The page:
As the economy has tanked, Congress has responded with a series of aid packages totaling nearly $3 trillion, all of which have been deficit-financed. This year’s budget deficit is expected to come in somewhere around $4 trillion, nearly the size of last year’s entire federal budget. In April, the U.S. posted its highest monthly budget deficit ever, at $737.9 billion. In 2016, the final year of Barack Obama’s presidency, the annual deficit was $585 billion. In a single 30 day period, the U.S. government ran a bigger budget deficit than any one year outside of the Great Recession and its aftermath.
And this year isn’t over”
“there is at least a case to be made that this crisis, which is different in both scale and kind from previous economic upheavals, is one that actually justifies some amount of emergency deficit spending, if not the particular bills that Congress has passed: When governments are forcing businesses to close in response to an unforeseeable exogenous event, as well as forcing individuals to stay home from work, some form of recompense is probably justified. It is notable that the Committee for a Responsible Federal Budget, one of the organizations most single-mindedly focused on national debt reduction, has backed deficit spending in this instance.”
“the relief effort is running up against legislative skepticism—a political constraint imposed by the high debt and deficits that were already locked in before the crisis began.”
“Republicans in Congress, on the whole, no longer care about debt or deficits—at least not in any substantive sense. That’s a problem for a number of reasons, not least that it increases the risk of a debt crisis in the future.
Those same Republicans spent the better part of Barack Obama’s presidency complaining bitterly about the trillion-dollar budget gaps the country ran during his first term, and President Donald Trump promised on the campaign trail to eliminate all federal debt. But since Trump’s election, deficits have increased even faster than expected, and the total federal debt has risen accordingly. That, in turn, is likely to have long-term consequences for both the economy and for the broader politics of debt and deficits.”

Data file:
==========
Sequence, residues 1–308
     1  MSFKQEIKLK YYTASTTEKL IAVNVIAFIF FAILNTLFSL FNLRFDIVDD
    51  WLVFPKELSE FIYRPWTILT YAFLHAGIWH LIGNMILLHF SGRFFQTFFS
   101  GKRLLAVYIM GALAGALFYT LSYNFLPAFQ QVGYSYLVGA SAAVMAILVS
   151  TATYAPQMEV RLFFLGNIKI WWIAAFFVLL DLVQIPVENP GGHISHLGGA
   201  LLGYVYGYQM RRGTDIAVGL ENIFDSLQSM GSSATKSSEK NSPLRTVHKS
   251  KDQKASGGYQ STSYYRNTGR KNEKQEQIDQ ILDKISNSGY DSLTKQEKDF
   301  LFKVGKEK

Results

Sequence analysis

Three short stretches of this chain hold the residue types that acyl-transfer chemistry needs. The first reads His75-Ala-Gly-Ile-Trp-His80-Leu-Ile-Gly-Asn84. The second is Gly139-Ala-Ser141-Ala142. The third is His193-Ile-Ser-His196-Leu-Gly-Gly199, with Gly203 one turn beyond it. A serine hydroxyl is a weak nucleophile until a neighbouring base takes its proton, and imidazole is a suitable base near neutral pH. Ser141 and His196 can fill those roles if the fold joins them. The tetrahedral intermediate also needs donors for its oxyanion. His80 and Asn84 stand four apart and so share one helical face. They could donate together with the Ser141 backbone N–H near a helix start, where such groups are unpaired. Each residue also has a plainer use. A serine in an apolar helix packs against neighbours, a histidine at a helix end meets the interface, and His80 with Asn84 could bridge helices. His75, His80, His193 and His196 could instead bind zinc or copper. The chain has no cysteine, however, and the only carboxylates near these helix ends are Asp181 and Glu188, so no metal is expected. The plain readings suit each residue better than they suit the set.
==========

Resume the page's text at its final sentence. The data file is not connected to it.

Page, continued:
“By 2030, CBO projects the deficit—the annual gap between spending and revenues—will reach $1.7 trillion, which was roughly the size of the entire federal budget in 1999. Rising debt and deficits, the budget office predicts, will coincide with slowing economic growth, dropping from 2.2 percent this year to 1.5 percent a decade from now. The federal government will be borrowing more, and the economy will be expanding at a slower pace. It may not lead to an immediate economic crisis, but the nation is spending and borrowing into stagnancy and decline.”
“The biggest drivers of long-term debt are Medicare and Social Security, which benefit seniors, many of whom are reliable Republican voters. Trump ran against cutting those entitlements, and although his rhetoric has wavered slightly in recent months, he has not pressed the issue. Republicans in Congress don’t exactly seem eager to tackle it either. (Trump’s 2020 budget proposed reducing some Medicare payments, similar to proposals made by the Obama administration, but would leave the program’s essential benefit structure intact.)
Trump also does not appear to worry much about what happens down the road. When his advisers in 2018 raised the possibility of a future deficit crisis, the president reportedly shrugged it off, saying, “Yeah, but I won’t be here.” Absent some event to force his hand, it’s unlikely that attitude will change.”
“One possible forcing event would be the election of a Democratic president in 2020, which would almost certainly see the GOP return to its Obama-era complaints about sky-high debt and deficits.
Yet if that were to happen, Democrats would most likely dismiss these complaints as hypocritical—not as honest efforts to enforce needed fiscal restraint but as self-interested attempts to check the opposite party’s agenda. The Democratic primary race, which has prominently featured calls for tens of trillions in new spending, has already provided evidence for this view.”
“Governing requires setting priorities, and that’s never more important than during a crisis. Members of Congress have a political incentive to spend and spend and spend, but there simply isn’t enough money to go around—in fact, we passed that point a long time ago.
“I do believe it makes sense for the government to provide support to businesses and families that can’t make it through this,” Sen. Rand Paul (R–Ky.), who voted against this week’s coronavirus bill, said Tuesday on the Senate floor. “I don’t want to see this massive accumulation of debt destroy this great country.”
Lawmakers would do well to keep one eye on the mounting debt as they consider their next steps.”